Joan of Arc (1999) starring Leelee Sobieski. Color on color heraldry. (In the still from the movie here, a black tower on red, in a coat of arms that is clearly based on, but isn't, the arms of Spain.)

* In the guise of Da’ud Bob ibn Briggs, Historical Drive-In Movie Critic, I write reviews of movies set in the Middle Ages and Renaissance, as well as pre-technological fantasy worlds; our motto: "We watch ‘em so you don’t have to." For more about this aspect of what I do, check out

Monday, August 10, 2009

Arms v. Logos, Part Something-or-Other

Over on Blog de Heráldica in his post of August 4, 2009, blogger José Juan Carrión Rangel had the following image of a very logo-like rendition of the coat of arms of Spain. (Here compared with a more usual rendering of the arms.)

I found the image interesting because I think it helps to support a point I have made in this blog before (click on the keyword "logos" to see earlier posts): that it is unnecessary for civic bodies and corporations to discard their "outdated" coat of arms to adopt a more "modern" or "relevant" logo to use as their visual identifier.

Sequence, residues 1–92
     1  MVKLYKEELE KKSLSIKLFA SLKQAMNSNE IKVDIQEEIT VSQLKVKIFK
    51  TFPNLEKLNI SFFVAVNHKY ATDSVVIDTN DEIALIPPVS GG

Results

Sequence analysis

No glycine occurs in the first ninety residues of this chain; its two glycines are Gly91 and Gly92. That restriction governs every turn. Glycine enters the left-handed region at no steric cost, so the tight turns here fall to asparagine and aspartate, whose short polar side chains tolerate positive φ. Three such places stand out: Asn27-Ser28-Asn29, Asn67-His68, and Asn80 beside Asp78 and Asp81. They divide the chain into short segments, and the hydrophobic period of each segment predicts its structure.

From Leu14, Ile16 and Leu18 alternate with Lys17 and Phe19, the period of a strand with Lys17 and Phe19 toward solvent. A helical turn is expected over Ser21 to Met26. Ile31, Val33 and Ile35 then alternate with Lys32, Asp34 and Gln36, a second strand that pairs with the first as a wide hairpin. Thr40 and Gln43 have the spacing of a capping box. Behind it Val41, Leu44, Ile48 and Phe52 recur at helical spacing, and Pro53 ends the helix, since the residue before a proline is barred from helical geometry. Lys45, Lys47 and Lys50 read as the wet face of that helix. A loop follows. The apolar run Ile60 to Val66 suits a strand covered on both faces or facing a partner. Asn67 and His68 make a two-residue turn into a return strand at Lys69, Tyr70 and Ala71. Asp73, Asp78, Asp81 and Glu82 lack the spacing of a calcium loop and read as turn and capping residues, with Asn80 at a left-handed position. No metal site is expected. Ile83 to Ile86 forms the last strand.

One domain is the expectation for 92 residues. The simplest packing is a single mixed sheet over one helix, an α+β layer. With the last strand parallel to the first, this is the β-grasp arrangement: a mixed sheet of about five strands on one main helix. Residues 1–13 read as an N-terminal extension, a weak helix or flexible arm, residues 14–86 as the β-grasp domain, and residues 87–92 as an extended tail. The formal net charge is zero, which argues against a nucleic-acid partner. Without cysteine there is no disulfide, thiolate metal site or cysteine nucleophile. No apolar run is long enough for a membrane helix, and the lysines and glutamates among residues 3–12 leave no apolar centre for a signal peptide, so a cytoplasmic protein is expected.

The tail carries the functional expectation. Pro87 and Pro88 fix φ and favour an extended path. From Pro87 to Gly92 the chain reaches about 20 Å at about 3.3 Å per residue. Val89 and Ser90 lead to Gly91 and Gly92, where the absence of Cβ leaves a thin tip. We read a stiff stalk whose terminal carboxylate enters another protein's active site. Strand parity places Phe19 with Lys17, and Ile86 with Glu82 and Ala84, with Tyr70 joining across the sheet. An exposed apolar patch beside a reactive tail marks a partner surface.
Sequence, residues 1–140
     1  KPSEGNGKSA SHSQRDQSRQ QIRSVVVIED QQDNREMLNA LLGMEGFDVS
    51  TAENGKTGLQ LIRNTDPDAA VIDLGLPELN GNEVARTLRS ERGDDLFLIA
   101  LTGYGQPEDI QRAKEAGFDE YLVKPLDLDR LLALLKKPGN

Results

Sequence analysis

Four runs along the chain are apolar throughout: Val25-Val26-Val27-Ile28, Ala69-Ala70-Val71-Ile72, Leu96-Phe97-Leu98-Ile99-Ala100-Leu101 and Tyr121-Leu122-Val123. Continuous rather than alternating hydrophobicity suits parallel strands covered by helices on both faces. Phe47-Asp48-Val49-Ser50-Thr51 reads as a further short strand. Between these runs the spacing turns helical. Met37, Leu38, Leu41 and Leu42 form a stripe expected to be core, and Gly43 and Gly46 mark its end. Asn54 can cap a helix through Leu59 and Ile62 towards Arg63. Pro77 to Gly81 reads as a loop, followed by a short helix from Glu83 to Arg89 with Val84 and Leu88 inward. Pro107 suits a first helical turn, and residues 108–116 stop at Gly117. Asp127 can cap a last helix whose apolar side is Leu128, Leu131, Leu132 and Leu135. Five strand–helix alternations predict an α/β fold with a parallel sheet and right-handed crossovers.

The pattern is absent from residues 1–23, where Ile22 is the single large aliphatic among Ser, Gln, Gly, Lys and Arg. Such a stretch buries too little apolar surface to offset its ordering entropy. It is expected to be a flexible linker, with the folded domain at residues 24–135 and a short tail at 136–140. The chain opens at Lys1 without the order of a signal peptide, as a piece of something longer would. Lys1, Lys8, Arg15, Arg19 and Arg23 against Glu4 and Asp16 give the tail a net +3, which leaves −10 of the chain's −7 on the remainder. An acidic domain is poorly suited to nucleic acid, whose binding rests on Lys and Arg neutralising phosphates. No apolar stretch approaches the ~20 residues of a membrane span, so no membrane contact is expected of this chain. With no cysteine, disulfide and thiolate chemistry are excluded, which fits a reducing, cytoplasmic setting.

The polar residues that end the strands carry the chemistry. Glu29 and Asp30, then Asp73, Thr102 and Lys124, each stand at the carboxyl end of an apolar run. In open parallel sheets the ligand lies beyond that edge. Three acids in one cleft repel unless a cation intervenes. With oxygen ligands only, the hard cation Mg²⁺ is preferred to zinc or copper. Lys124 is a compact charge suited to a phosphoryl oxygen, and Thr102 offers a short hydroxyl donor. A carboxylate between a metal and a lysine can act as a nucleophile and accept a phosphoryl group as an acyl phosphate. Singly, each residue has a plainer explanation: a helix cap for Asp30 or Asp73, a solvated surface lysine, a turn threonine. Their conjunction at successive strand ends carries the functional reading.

In the example above, the central design is quite clearly the national arms of Spain: quarterly Castile, Leon, Aragon, and Navarre, with the point entée of Granada and the inescutcheon of the House of Bourbon. Admittedly, it’s been sufficiently simplified that there is no Granadan pomegranate, neither fleurs-de-lis nor bordure on the Bourbon inescutcheon, and the "lion" is nothing more than a stick figure. But the fact remains that you can tell immediately that it is the arms of Spain. (And isn’t that really the reason for heraldry to begin with: identifiability?)

It’s modern, it’s up to date, and yet it is just a simplified rendition of the national coat of arms. No need to hire someone to design an alternate modern logo. Just redraw the arms in a less traditional style, and there you go!

Thursday, August 6, 2009

Good Stuff! (Mostly)